Langcliffe: William Paley

I visited a Langcliffe this spring, near Settle I am always interested in vernacular architecture and a number of its buildings craved my attention. One, in the village’s centre, is an old looking- longhouse with mullioned windows, sometimes known as the Old Vicarage. This is an ancestral home of the Paley family, including William, headmaster of nearby Giggleswick school and his son also William, future Archdeacon of Carlisle (1743-1805). The latter is credited with the Watchmaker Analogy, a famous illustration of the teleological argument for the existence of God:

In crossing a heath, suppose I pitched my foot against a stone, and were asked how the stone came to be there; I might possibly answer, that, for anything I knew to the contrary, it had lain there forever: nor would it perhaps be very easy to show the absurdity of this answer. But suppose I had found a watch upon the ground, and it should be inquired how the watch happened to be in that place; I should hardly think of the answer I had before given, that for anything I knew, the watch might have always been there. ... There must have existed, at some time, and at some place or other, an artificer or artificers, who formed [the watch] for the purpose which we find it actually to answer; who comprehended its construction, and designed its use. ... Every indication of contrivance, every manifestation of design, which existed in the watch, exists in the works of nature; with the difference, on the side of nature, of being greater or more, and that in a degree which exceeds all computation.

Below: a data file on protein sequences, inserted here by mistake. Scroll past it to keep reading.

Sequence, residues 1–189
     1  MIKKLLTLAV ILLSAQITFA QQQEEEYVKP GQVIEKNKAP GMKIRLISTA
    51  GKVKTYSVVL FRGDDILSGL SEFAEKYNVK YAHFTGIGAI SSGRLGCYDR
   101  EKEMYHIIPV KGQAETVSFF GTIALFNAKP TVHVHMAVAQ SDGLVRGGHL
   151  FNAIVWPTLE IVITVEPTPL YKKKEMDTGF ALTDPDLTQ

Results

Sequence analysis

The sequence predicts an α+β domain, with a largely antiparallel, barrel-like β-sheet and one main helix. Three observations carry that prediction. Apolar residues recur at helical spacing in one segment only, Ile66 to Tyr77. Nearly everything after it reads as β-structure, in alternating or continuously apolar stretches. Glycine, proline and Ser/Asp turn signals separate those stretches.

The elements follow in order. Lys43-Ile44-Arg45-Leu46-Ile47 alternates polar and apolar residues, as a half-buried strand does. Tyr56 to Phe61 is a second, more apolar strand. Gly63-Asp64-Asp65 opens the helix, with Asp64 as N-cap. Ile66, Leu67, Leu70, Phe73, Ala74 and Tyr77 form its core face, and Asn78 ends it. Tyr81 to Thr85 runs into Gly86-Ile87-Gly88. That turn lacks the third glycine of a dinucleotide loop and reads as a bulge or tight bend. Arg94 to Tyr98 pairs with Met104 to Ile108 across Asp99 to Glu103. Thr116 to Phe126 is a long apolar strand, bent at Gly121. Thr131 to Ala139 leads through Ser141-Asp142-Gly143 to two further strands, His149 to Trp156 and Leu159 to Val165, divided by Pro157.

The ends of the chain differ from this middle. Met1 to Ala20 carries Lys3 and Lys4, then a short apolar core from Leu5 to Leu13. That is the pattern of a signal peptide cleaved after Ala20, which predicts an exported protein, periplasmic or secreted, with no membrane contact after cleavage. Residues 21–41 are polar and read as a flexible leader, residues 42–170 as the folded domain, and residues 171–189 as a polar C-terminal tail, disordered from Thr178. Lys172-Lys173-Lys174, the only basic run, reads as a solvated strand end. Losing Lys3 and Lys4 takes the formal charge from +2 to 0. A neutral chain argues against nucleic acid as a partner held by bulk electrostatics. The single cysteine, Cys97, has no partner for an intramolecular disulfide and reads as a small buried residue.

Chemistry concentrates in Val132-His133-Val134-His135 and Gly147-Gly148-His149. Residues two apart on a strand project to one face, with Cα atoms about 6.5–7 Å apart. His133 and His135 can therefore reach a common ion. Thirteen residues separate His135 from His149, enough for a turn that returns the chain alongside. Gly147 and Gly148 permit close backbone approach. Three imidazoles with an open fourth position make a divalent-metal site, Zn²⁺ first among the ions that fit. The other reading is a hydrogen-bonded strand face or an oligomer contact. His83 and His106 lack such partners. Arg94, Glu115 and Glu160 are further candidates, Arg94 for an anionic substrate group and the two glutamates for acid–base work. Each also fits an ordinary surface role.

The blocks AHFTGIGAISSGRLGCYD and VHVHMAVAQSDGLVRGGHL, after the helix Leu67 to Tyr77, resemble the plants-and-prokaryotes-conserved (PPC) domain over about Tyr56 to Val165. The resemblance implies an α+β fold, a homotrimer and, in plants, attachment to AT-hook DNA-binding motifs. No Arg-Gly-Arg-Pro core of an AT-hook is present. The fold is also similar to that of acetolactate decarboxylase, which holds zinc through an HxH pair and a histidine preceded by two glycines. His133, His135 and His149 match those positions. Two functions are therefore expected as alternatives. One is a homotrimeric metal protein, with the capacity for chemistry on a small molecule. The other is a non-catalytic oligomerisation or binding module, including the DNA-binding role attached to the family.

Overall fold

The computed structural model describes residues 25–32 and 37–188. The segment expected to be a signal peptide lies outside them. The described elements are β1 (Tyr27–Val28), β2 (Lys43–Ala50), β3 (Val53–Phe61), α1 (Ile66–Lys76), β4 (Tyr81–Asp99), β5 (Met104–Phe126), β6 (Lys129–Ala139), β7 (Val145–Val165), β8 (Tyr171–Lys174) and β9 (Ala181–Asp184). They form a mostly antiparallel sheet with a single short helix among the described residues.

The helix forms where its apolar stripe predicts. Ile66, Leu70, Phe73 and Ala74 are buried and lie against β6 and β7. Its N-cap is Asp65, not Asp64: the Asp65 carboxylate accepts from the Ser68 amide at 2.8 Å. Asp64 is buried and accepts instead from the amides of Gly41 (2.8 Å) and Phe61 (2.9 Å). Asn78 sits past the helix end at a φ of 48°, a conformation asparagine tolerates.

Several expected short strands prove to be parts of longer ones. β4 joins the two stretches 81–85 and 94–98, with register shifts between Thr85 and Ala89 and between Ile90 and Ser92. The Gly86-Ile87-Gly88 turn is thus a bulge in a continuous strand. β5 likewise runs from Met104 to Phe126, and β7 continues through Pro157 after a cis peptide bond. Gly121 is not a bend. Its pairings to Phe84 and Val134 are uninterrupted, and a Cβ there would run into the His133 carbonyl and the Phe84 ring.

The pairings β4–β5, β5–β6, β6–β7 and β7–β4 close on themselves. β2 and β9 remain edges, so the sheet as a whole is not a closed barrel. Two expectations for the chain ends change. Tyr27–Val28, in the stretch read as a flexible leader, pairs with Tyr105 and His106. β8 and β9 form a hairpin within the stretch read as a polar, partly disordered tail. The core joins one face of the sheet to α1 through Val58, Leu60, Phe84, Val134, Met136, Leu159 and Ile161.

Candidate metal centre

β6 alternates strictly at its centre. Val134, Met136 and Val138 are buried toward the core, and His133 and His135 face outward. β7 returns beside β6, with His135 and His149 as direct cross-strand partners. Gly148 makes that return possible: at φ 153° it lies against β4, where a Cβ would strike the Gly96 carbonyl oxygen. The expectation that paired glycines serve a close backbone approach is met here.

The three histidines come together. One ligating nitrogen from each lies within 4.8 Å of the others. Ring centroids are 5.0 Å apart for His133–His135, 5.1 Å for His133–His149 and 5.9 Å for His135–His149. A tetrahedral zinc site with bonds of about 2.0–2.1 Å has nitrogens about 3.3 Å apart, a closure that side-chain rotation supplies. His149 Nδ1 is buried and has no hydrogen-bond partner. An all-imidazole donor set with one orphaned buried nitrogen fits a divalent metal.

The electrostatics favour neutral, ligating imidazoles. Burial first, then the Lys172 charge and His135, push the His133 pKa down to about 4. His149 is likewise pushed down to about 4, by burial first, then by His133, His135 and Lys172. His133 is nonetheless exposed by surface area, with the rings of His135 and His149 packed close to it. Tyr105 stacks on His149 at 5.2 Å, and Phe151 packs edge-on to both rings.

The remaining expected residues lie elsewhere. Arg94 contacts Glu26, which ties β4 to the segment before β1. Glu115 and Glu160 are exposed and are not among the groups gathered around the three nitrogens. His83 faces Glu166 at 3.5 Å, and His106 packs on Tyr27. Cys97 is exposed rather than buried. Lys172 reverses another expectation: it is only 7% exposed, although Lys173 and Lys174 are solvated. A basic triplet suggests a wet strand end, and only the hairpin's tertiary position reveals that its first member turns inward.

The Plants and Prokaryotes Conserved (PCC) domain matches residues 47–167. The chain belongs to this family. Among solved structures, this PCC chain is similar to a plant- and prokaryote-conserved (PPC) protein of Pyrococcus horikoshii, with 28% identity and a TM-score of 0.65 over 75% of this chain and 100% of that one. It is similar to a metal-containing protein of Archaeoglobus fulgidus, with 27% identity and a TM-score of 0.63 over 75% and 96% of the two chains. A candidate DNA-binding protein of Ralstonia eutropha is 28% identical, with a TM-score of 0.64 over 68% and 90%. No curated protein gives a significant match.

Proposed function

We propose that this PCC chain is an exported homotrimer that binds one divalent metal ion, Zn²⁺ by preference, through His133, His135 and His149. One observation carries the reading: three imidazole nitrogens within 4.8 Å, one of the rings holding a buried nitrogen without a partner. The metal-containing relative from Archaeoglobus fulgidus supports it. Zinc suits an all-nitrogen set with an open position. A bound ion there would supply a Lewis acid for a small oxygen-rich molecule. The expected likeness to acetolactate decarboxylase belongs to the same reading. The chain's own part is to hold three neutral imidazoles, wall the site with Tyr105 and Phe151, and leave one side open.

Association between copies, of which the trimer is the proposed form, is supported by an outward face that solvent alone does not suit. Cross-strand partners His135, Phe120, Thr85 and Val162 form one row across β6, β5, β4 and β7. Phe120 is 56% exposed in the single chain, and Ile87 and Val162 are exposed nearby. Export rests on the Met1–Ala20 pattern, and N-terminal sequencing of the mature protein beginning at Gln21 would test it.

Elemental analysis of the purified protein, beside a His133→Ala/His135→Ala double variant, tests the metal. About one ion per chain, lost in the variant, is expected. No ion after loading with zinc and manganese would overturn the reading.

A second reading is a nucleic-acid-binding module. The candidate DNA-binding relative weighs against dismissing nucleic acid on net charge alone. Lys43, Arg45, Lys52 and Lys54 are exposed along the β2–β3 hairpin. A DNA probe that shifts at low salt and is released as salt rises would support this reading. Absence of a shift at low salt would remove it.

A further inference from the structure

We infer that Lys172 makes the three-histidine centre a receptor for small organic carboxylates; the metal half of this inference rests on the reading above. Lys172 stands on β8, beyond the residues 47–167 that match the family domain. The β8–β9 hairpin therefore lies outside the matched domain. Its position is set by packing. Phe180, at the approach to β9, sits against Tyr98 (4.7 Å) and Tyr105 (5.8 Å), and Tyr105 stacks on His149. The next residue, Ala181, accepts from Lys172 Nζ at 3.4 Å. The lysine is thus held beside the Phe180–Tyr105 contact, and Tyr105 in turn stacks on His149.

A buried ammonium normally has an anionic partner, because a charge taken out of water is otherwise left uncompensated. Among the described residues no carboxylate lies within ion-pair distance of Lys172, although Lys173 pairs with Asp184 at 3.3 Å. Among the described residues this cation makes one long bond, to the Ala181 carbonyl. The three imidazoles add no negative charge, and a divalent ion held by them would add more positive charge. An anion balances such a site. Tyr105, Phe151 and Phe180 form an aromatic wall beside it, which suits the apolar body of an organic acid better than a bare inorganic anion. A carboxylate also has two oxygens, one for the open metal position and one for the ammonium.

— William Paley, Natural Theology (1802 

In other words, we can tell a watch is designed because of its regularity, complexity and purpose; how much so the world? Therefore there must be a world designer, whom we call God. It is Paley’s analogy that Dawkins parodies in his own work The Blind Watchmaker

Even Charles Darwin offers in his writings a degree of praise:

In order to pass the B.A. examination, it was, also, necessary to get up Paley's Evidences of Christianity, and his Moral Philosophy. . . The logic of this book and as I may add of his Natural Theology gave me as much delight as did Euclid. The careful study of these works, without attempting to learn any part by rote, was the only part of the Academical Course which, as I then felt and as I still believe, was of the least use to me in the education of my mind. I did not at that time trouble myself about Paley's premises; and taking these on trust I was charmed and convinced of the long line of argumentation 

Charles Darwin, Autobiography

Paley is an interesting man for other reasons. A life-long opponent of the slave trade, he sided with the American colonies during the revolutionary war, partly because he thought it would lead to the destruction of slavery. Paley may never have lived in the house, and he was certainly not born there, but it is almost certain he stayed there. Who would have thought that so obscure a village would be associated with a man who continues to ruffle atheistic feathers?